February Spotlight: Hospital Medicine: Transitions in Care, Part II


Submitted by Reem Habboushe, MD


As hospital medicine becomes central to our national health care fabric, the necessity to connect hospitalist with outpatient physician/PCP and other post-acute settings becomes increasingly important. Our evolving context includes changes at the national level and the system level. As our roles in medicine continue to evolve, the need to increase communication between different providers at all levels and in all settings grows, and our responsibility to address these issues becomes increasingly vital to patient-centered care.


“Transitions in care” presents a situation which is highly amenable to collaborative teams and to our imperative, as members of the health care sector, to work together effectively. As hospitalists, our day-to-day operations include involvement of physicians, nurses, care managers, social workers, patient care facilitators and others to create a comprehensive and inclusive network of patient-centered care. As such, our context is ideal as a model for elaboration beyond our hospitals and to other settings. Undoubtedly, strong communication skills are the hallmark of strong transitions in any context, and hospital medicine–an intrinsically collaborative model of medicine– provides a fertile setting for growth in these areas. By extension, a sturdy discharge framework can greatly enhance our ability to prevent unnecessary readmissions.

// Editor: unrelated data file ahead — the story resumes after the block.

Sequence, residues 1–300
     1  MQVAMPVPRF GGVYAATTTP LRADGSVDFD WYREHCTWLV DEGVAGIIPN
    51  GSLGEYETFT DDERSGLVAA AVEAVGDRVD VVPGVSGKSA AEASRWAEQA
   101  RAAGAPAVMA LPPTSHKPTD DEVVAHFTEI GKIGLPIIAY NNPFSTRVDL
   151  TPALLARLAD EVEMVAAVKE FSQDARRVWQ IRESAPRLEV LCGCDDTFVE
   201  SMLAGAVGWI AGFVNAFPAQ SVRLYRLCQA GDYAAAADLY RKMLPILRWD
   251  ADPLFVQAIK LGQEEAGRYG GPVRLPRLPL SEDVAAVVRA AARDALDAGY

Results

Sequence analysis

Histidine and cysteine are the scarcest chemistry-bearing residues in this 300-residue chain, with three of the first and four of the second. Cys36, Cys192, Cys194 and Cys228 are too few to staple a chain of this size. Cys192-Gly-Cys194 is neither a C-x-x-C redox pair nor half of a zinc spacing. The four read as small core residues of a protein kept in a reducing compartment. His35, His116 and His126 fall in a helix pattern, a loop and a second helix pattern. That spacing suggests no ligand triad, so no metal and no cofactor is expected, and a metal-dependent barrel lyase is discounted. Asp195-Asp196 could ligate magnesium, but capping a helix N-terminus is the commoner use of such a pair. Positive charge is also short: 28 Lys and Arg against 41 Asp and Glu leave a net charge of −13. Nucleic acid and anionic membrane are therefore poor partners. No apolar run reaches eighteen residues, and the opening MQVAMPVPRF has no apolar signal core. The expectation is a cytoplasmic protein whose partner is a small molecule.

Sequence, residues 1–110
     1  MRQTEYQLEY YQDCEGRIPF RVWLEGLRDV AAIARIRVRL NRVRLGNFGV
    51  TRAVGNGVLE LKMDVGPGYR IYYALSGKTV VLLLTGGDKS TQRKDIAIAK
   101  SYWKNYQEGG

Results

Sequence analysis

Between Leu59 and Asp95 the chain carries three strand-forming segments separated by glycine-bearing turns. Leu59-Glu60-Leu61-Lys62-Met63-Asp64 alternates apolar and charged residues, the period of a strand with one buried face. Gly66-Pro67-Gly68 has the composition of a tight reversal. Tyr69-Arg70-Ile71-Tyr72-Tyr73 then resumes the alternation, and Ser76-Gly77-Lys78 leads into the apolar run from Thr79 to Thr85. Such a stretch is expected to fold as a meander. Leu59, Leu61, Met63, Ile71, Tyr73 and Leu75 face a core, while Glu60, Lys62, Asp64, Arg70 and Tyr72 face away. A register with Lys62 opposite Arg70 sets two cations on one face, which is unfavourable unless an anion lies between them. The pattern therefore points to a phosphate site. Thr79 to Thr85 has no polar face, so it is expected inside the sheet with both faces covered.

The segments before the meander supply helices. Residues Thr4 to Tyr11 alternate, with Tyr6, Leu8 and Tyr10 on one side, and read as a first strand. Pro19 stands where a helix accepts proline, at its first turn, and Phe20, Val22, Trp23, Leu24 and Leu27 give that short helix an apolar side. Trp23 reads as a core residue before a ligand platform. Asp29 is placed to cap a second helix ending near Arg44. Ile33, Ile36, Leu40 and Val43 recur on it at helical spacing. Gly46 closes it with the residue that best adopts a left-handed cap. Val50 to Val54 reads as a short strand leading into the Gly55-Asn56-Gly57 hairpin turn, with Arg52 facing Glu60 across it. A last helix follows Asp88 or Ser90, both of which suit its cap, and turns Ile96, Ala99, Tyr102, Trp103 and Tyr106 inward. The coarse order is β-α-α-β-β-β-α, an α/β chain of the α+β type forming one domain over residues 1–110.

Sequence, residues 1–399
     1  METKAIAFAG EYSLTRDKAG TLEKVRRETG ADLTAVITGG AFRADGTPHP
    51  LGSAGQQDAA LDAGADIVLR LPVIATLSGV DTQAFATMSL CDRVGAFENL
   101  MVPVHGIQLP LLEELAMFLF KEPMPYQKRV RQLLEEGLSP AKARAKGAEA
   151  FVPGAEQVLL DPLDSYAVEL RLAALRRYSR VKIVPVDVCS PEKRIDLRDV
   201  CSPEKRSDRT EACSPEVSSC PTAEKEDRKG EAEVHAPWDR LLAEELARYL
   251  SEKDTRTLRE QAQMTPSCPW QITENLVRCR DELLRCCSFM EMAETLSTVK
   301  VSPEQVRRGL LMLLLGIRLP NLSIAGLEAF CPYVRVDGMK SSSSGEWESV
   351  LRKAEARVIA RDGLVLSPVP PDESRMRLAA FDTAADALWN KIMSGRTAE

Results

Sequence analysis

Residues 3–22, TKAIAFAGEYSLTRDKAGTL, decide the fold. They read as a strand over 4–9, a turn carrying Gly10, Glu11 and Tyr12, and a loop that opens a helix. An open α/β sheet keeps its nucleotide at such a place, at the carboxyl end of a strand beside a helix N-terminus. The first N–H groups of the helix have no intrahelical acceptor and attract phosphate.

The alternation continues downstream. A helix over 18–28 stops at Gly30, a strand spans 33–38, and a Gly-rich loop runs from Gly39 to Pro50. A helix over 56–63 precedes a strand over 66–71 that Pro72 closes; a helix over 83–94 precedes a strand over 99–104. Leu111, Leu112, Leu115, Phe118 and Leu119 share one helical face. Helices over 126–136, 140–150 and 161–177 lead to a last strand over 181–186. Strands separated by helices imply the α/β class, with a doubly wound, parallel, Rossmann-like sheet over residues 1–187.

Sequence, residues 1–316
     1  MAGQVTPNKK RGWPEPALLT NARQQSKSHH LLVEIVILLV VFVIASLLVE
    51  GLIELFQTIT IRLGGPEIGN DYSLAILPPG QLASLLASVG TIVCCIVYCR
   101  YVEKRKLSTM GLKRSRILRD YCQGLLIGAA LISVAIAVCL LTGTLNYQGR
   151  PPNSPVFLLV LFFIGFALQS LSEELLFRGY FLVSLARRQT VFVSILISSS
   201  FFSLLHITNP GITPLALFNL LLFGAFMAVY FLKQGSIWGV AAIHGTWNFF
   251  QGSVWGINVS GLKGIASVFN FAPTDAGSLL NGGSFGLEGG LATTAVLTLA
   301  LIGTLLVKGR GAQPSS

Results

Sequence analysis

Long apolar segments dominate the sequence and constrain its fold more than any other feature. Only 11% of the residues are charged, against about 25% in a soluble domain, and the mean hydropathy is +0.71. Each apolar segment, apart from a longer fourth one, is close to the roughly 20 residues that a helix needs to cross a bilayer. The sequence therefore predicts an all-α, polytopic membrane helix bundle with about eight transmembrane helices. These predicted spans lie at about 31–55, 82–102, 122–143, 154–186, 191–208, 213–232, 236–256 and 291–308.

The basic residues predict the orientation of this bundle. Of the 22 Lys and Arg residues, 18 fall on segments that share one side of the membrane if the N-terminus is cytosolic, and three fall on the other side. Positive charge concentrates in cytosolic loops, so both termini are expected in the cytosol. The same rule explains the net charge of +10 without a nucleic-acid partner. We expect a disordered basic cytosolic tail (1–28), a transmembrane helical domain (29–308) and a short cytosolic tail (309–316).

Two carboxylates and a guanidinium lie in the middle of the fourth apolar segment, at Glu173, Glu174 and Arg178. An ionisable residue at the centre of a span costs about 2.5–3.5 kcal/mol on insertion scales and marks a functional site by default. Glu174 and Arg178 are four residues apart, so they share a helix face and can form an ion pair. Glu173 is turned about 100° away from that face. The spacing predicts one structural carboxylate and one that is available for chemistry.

Clearly, communication at all levels plays an integral role in the success of care transitions as the above imperatives require involvement of multidisciplinary teams. Some approaches include strong discharge summaries and face-to-face meetings with PCPs and SNF/rehab directors. MLH hospitalists continue to work on strong, adequately detailed, and timely discharge summaries. At Paoli Hospital, hospitalists meet regularly with our area PCP partners. Hospitalists and PCPs are invited to attend and participate in each other’s meetings in order to discuss evolving issues and come to satisfactory modes of communication. Directors of some of our area SNFs have met directly with our hospitalists in conjunction with our SW and CM teams in order to increase connectivity at that interface. Face-to-face communication helps to mend the basic rift in our current systems by allowing for a more robust, personal connection.


Looking forward, future goals may include a questionnaire for PCPs, further expansion of our collaborative meetings, and utilization of nationally-available tools such as the JHACO Targeted Solutions Tool and SHM Post-Acute transitions toolkit. Work on risk adjustments for readmissions may help separate issues under our control from those over which we have no purview. The development and growth of post-discharge clinics staffed with knowledgeable providers will likely contribute to improvement. In addition, further involvement of patients and family members may make a large contribution to reaching our goals. Our patient-centered model of care allows for patient/family empowerment, and increasing this involvement will help to not only improve transitions but also decrease readmissions as these various interfaces are further refined.

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